Beyond Artificial Intelligence: Take a Look at Arts Integration Too

(May 23, 2024)

Tech Policy 

The federal government is investing in AI resources at universities. At the University of Illinois, Urbana Champaign, where I teach, The National Center for Supercomputing Applications launched one of the National Science Foundation’s pilot programs, the National Artificial Intelligent Resource (NAIRR). It “aims to connect US researchers and educators to computational, data, and training resources needed to advance AI research and research that employs AI.” Even the National Endowment for the Humanities has issued a call for proposals for the establishment of centers which focus on AI and the Humanities, giving special emphasis to “scholarly activities on exploring the ethical, legal, or societal implications of AI.”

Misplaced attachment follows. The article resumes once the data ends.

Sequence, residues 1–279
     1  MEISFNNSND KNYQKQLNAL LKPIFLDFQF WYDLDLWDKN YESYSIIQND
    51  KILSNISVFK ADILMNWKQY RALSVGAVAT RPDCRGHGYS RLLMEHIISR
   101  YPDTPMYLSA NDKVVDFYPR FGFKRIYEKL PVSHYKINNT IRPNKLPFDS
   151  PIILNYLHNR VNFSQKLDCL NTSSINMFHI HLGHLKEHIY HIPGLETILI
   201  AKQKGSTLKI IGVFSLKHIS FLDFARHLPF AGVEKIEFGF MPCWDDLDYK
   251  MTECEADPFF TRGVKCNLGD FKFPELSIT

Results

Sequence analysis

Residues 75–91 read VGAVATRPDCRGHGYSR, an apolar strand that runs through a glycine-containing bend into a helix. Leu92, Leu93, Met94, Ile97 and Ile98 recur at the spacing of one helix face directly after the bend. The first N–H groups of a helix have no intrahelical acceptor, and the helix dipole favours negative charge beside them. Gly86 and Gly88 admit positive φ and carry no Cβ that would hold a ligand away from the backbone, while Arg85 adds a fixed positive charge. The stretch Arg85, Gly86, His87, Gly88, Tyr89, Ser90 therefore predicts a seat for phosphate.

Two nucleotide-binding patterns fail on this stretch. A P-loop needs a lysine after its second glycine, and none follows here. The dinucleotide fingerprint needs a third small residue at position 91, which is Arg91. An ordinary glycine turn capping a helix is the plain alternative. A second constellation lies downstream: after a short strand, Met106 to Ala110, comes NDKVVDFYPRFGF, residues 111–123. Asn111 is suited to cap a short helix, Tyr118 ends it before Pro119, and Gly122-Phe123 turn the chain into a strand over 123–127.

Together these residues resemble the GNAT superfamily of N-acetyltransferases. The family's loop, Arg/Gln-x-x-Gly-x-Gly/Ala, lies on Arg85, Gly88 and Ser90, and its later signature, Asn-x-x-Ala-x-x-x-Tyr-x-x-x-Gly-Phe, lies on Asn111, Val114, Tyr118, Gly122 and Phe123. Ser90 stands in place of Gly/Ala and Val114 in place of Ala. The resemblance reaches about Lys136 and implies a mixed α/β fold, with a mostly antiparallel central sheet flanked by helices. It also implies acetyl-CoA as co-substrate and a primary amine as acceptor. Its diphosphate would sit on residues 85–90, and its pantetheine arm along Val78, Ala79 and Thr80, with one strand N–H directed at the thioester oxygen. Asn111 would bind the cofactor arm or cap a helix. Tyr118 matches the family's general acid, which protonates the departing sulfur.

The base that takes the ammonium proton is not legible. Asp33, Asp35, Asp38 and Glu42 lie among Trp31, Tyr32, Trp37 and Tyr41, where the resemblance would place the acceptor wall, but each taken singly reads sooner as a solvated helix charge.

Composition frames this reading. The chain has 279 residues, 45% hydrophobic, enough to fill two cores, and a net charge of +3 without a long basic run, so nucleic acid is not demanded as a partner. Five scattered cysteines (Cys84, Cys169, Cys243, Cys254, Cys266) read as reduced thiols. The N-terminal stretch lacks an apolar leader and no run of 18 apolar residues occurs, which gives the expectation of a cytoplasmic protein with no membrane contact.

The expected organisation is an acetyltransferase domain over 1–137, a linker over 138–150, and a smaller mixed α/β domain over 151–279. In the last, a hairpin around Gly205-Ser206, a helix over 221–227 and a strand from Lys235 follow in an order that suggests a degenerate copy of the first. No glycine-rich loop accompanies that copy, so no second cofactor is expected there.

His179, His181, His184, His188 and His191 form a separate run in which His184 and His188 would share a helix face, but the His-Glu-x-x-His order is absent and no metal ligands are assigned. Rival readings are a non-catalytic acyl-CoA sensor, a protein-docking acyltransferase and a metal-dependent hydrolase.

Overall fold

Humanists are well-positioned for this call. Scholars of history and literature have a longstanding interest in the information sciences dating well before AI. And scientists in one 2021 report, alert to the negative societal implications of machine learning, cite research in the humanities and sciences alike which weighs the risks of large-scale language modeling and supports careful curation practices over “ingesting everything on the web.”

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